A user exploring the photostroller, as part of the New Dynamics of Ageing project.The Photostroller, provoking conversations through digital interactions

Interaction to engage mixed audiences in communication and activity. Focusing on spirituality and daydreaming, and designed for the inhabitants of a traditional care home, the devices look beyond stereotypes of frailty. Instead they help elderly people make connections with the world that are of interest and use to them.

Collage of different parts of the photostroller, as part of the New Dynamics of Ageing project.The Photostroller shows a never-ending sequence of images drawn from the Internet, some related, others more random, like an electronic daydream. The flow can be influenced to stay close to a selected category of images, or allowed to drift away to more tenuously related subjects.

Working with people in their homes with the photostroller, as part of the New Dynamics of Ageing project.Prior to its introduction, the research studio carefully studied the appropriate level of interaction for the elderly residents before designing the Photostroller to complement and enhance their daily lives. Part of this work included the design of a wireless control to enable the residents to tune the type of photographs displayed in the slideshow. The tuner includes a large dial and sliding input mechanism specifically designed for people with limited hand mobility. A moment of wonder for the team, during the deployment, was witnessing a 99 year-old arthritic resident handling the controller with relative ease.

Images produced by the photostroller, as part of the New Dynamics of Ageing project.As time goes by members of the research studio will be keeping in touch with the elderly residents in order to understand how the Photostroller adds to their daily lives. At the moment both the residents and the carers seem very happy with it.

Collage of equipment used in the New Dynamics of Ageing Project.
Photography: Dr. Alex Wilkie; Text: Professor Bill Gaver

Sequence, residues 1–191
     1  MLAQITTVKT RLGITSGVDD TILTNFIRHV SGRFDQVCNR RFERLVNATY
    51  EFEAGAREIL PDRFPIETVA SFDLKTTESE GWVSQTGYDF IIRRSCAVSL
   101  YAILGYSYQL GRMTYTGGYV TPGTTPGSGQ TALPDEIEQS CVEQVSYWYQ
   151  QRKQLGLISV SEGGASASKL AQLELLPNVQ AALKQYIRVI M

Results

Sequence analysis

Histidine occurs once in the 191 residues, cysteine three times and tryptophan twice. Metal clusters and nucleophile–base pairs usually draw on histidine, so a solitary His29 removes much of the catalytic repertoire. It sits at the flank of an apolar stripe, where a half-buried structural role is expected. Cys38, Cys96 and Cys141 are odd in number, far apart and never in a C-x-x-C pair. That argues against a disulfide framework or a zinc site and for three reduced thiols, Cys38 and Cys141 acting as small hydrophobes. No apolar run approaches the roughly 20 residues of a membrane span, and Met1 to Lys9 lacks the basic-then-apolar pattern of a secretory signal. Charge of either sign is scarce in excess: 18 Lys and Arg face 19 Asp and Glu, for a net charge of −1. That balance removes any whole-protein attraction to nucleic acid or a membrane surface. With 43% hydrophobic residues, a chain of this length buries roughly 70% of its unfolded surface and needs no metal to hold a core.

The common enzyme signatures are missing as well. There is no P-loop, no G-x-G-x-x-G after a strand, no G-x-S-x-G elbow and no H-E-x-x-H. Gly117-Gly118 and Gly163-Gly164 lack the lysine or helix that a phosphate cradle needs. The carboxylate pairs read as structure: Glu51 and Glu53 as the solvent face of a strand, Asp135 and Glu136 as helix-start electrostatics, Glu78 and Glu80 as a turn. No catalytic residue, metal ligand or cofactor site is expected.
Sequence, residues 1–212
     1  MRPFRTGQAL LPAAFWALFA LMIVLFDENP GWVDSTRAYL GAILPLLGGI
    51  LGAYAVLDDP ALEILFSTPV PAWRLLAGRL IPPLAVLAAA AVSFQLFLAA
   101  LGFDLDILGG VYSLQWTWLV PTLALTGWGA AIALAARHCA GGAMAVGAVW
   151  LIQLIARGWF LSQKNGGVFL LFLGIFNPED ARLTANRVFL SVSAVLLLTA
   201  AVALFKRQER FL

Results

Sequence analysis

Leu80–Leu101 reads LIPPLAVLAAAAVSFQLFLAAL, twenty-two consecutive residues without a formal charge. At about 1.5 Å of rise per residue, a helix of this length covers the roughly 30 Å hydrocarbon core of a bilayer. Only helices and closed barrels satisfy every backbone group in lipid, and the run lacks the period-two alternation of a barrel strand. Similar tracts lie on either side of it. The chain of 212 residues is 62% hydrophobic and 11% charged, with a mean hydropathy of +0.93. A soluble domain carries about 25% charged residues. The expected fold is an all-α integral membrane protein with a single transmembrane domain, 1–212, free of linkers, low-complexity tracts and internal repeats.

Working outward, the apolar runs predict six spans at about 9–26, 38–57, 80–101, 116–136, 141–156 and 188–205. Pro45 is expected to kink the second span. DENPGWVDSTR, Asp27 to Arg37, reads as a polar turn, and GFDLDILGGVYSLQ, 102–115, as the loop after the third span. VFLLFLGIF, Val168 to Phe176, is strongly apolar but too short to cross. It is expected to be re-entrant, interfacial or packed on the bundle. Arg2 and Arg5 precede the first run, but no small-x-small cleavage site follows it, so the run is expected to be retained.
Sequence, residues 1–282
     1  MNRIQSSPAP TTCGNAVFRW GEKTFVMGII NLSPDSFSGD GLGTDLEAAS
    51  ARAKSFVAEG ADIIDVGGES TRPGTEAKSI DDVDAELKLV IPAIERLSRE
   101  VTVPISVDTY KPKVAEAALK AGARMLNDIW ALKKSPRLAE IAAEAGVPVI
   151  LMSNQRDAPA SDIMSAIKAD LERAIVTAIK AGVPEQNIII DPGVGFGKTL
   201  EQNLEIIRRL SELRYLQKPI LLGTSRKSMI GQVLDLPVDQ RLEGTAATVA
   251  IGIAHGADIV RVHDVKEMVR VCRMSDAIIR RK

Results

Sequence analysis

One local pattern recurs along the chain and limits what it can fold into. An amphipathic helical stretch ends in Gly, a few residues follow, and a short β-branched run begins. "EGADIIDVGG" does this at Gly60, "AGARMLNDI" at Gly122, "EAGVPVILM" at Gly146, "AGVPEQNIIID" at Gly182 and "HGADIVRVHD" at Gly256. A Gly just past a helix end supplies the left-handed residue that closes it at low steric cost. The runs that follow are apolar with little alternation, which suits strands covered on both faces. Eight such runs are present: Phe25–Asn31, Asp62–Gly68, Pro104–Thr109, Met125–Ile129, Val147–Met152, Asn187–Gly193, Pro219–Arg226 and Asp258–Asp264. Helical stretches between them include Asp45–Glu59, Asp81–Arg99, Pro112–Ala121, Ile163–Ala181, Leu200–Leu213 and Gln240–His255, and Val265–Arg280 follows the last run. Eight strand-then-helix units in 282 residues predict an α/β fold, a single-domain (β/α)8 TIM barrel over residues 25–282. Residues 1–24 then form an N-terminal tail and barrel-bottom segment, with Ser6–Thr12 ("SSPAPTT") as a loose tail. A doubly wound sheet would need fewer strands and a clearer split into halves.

For instance, some residents have started to take responsibility for turning it on and explaining it to newcomers. Of interest to the design team is how the residents’ engagement with the Photostroller might grow and change over the months to come. The findings were published and are available to download as a PDF [ get Adobe Acrobat reader free ].

“It instigated stories and insights that we never knew about the residents, very engaging and changed the dynamic of the space it occupied”.

Care staff, NHS

Poem commissioned for project

What do you think of the snow? Poem by Kate Kilalea

Surely, in the past, I’d have been able to capture it: this snowy afternoon, with a clear view of its falling a day night in succession through the window. Seldom is it this continuous, the whiteness. Seldom does it get this far. When will it be over, we ask, knowing better, but hoping none the less. For this gradual covering-over to continue, for it to go on, undefeated. She slept with one arm over the edge of the chair. For this gradual covering-over to continue, for it to go on, undefeated.

She slept with one arm over the edge of the chair. Outside, slowly, things were changing one fleck settled on another, to lend it some cold. The branches became two-tone. The garden furniture had heaps on its seats. What are you looking at? For a while, one is content just to stare. But it feels dangerous, doesn’t it, to be stopped here, with a pleasant sleepiness drawing in, and the world through the window growing more and more indistinct.

The significance of this whiteness (because it is so significant) was that it represented, not a disguise, but a kind of takeover: the snow overwhelmed things, in it, things disappeared, they lost their shape, lost interest in themselves  and this is what was so fascinating. And sinister to watch whatever it was that things had been was drained away. It left them unbearably vague. He watched the television with deep participation, and said:

Something has gone wrong, for some unknown reason. We might have said: Things have grown white. We might have said: A whiteness has fallen around us.